Photo Courtesy Of Kultura Film Festival
Photo Courtesy Of Kultura Film Festival.

Amplifying culture and the fight for human rights with Kultura Film Festival

Answering the call for representation, the Kultura Film Festival showcased Filipino and Southeast Asian stories centered on community, culture, and human rights.

By Ralph Regis | Thursday, 24 February 2022

The North Luzon Cinema Guild, Inc. (NLCGI), a filmmaking advocacy organization, spearheaded the first-ever Kultura Film Festival一a hybrid film showcase from Feb. 5 to 20 that was live streamed on their website and official Facebook page, along with limited physical screenings held in Cavite and Tuguegarao.


Kultura Film Festival

Film education for the soul

At the heart of a film is and always will be the story. The screenwriter’s vision is expanded into a collaborative effort with the director, producer, set designer, actors, and the likes.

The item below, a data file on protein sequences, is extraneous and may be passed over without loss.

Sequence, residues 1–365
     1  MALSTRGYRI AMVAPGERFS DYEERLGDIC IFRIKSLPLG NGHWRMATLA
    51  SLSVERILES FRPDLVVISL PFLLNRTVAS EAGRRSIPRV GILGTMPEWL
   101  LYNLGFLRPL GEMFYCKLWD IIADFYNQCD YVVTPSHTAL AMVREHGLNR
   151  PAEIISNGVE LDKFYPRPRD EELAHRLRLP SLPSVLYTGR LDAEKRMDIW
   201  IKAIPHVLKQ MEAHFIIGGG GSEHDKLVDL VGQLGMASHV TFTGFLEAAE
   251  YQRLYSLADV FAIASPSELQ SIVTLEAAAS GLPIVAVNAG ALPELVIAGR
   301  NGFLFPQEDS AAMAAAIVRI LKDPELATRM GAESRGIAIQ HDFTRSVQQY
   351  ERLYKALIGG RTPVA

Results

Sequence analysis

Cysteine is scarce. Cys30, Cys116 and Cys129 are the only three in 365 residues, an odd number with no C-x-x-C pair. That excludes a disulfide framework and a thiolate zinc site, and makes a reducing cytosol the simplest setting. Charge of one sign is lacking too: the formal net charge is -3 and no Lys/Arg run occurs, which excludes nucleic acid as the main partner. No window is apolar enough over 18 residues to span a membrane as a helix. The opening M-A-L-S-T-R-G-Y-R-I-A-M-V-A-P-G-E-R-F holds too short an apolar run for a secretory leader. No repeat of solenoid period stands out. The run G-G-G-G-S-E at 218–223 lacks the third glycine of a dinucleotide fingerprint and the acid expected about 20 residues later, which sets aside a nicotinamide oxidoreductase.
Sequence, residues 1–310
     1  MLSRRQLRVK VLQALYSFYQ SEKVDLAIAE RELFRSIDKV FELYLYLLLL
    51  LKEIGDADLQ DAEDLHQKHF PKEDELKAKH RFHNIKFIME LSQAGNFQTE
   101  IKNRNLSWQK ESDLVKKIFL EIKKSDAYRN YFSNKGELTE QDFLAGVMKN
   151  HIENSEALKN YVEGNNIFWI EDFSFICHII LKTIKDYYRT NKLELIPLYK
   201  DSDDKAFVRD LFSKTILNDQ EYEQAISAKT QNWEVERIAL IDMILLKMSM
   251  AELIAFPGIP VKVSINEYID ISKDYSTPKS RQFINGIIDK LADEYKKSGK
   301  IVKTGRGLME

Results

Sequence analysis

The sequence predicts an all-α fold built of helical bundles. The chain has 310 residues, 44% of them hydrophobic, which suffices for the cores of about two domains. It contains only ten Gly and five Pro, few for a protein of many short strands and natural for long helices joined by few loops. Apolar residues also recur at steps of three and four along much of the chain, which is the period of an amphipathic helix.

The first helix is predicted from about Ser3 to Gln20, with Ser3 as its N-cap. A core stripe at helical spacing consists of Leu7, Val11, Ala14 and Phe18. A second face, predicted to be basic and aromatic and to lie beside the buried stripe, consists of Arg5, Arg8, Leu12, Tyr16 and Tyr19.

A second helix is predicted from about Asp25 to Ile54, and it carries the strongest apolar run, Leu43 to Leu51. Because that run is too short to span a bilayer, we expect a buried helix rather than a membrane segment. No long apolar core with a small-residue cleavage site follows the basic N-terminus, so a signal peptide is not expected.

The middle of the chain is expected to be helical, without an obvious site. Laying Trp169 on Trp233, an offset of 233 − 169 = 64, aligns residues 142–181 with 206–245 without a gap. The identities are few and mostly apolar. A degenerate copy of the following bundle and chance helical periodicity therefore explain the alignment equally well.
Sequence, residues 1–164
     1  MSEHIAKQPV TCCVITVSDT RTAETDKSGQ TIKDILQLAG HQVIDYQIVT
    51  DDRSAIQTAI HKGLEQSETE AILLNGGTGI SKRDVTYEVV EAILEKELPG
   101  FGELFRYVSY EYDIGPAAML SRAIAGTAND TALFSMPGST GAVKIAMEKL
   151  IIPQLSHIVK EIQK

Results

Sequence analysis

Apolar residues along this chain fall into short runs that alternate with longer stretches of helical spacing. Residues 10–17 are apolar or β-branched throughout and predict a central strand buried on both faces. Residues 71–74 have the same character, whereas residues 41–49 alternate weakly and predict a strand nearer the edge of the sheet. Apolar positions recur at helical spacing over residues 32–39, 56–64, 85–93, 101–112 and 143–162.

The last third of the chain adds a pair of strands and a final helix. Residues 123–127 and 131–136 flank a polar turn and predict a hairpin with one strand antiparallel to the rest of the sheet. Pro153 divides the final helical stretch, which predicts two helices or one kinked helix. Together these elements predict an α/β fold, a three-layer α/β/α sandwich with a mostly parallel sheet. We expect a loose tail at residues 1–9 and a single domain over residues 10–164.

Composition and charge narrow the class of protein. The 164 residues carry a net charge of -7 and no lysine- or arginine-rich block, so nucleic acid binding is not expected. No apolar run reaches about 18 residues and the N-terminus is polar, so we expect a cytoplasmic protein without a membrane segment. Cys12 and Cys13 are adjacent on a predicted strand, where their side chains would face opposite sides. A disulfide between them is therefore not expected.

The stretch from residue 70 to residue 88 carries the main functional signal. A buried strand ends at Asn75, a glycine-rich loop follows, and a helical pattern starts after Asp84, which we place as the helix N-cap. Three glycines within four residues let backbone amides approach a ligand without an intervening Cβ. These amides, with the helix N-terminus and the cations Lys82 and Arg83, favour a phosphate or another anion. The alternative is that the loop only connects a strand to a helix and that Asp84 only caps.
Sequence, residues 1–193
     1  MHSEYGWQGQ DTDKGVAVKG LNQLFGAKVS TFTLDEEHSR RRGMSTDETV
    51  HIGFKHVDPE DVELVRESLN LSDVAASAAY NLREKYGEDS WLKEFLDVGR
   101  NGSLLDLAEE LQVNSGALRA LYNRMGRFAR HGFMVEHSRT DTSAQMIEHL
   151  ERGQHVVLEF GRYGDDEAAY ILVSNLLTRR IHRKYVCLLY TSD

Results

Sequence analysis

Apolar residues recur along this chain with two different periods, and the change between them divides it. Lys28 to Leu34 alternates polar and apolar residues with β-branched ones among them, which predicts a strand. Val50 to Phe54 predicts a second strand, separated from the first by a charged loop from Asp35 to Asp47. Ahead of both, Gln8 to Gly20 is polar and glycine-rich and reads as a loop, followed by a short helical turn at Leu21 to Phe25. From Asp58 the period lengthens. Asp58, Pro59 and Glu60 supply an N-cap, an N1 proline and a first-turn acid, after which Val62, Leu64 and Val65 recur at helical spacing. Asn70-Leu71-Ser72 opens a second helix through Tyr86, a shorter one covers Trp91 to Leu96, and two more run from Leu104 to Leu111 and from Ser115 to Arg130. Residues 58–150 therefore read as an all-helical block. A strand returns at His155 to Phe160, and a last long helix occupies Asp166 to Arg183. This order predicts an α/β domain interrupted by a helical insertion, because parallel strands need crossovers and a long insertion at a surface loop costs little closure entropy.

In the masterclass titled “Realizing our Vision through Film,” Isabela-born filmmaker Zig Dulay shared the mysteries of scriptwriting in the lens of found story.


Meanwhile, Tim Rone Villanueva, ID 113 Benilde Digital Filmmaking alumnus and award-winning filmmaker of his Benilde thesis film Santa Nena!, shared his techniques in translating a story concept to the first draft of the script in “Ideation to Realization of Film.”


On the other hand, Mindanaon filmmaker Teng Mangansakan talked about the culture of his region with the Mindanao Culture in Films masterclass.


Moreover, the Human Rights in Documentary Films masterclass featured award-winning Filipina documentary filmmaker Ditsi Carolino (“Bunso”).